Canada’s first major LNG pipeline is nearing completion

TC Energy Corp. has completed construction of the Coastal GasLink (CGL) pipeline after five years of construction, marking the completion of the first system in Canada to deliver feed gas to an export plant.

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CGL held final assembly of 402 miles of pipeline near where it will connect with the pipeline LNG Canada final destination in Kitimat, about 392 miles north of Vancouver on the Pacific coast.

The Golden Weld event, as it has been dubbed, completes a “mechanical completion” for CGL, the company said. All 402 miles “of pipe were welded, coated, trenched, rigorously tested and backfilled.”

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TC has completed a jumbo pipeline capable of delivering up to 5 Bcf/d to Kitimat, more than double Canada’s first phase LNG export capacity of 1.8 Bcf/d, which is expected to come online by 2025. The second Kitimat project, so called native Haisla Nation led Cedar LNG Projectalso has environmental and commercial approval to use CGL supplies.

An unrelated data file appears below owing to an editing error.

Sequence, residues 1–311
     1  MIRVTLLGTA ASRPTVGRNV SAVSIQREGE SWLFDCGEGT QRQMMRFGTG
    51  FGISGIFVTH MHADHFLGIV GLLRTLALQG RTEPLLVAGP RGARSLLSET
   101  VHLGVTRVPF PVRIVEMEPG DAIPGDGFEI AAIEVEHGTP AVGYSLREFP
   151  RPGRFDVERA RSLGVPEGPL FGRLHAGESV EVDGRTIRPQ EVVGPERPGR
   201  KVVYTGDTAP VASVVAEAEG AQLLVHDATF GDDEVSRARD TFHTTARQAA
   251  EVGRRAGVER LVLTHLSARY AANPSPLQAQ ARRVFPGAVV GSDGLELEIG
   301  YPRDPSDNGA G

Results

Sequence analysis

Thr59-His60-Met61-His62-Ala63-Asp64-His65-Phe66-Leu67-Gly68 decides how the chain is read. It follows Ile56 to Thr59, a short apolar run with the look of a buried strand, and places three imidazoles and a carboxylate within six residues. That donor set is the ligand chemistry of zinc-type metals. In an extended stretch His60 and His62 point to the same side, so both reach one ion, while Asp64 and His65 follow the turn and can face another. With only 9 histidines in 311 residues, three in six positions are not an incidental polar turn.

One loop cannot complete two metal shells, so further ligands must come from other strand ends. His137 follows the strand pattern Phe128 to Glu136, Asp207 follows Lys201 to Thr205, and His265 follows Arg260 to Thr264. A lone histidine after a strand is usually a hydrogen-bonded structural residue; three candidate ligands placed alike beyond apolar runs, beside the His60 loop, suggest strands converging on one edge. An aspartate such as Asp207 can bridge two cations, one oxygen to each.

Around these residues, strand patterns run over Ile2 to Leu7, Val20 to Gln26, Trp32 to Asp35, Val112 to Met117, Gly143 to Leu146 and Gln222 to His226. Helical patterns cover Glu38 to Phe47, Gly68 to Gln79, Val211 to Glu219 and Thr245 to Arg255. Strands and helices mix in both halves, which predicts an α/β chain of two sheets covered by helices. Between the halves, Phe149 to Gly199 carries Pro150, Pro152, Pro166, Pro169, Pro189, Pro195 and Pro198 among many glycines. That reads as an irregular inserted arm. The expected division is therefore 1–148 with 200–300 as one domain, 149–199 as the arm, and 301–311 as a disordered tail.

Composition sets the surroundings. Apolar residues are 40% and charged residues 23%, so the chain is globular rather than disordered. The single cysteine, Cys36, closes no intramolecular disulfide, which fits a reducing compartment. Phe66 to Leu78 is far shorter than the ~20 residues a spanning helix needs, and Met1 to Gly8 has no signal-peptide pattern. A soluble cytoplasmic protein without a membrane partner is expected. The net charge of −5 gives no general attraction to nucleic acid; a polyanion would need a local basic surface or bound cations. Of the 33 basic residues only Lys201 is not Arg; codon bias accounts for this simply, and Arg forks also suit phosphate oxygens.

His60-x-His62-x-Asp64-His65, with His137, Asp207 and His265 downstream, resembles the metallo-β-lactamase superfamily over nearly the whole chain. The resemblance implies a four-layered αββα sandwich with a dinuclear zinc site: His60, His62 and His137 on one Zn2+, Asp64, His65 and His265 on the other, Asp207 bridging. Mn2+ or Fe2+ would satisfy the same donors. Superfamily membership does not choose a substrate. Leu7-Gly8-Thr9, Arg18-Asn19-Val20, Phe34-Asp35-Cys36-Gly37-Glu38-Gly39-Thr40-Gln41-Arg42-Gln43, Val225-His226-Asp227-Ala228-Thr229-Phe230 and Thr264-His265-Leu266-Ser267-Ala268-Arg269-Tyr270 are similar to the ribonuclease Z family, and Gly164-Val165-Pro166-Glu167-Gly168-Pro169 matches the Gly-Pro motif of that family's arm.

Work continues on site remediation, reclamation and erosion and sediment control, followed by engineering completion and operational commissioning to start gas flows by 2025.

CGL’s costs jumped to nearly $11 billion, more than double the initial forecast of about $4.6 billion. The Covid-19 pandemic, protests and harsh northern weather disrupted construction and added to the price tag.

Coincidentally, when most of the work was finished, defendants Logan Staats and Hannah Hall pleaded guilty to contempt of court charges as the trials of the project’s original enemies began.

Other defendants accused the Royal Canadian Mounted Police of violating their rights. Protests by proclaimed warriors for ceremonial “traditional chiefs” phased rail closurestorch-throwing assemblies and debris from supply equipment during construction.

Despite protests, the majority of northern British Columbians supported the project. TC Energy secured participation in the elected councils of all 20 tribes along route a agreed to the sale 10% share in the system 17 of them.

Canada’s first LNG pipeline is a strong economic driver, according to CGL. Benefits include 27,500 jobs, $248 million in taxes and $3 billion in orders for BC supplies and suppliers. Including gas development, the CGL-LNG Canada combination is expected to be worth more than $30 billion.

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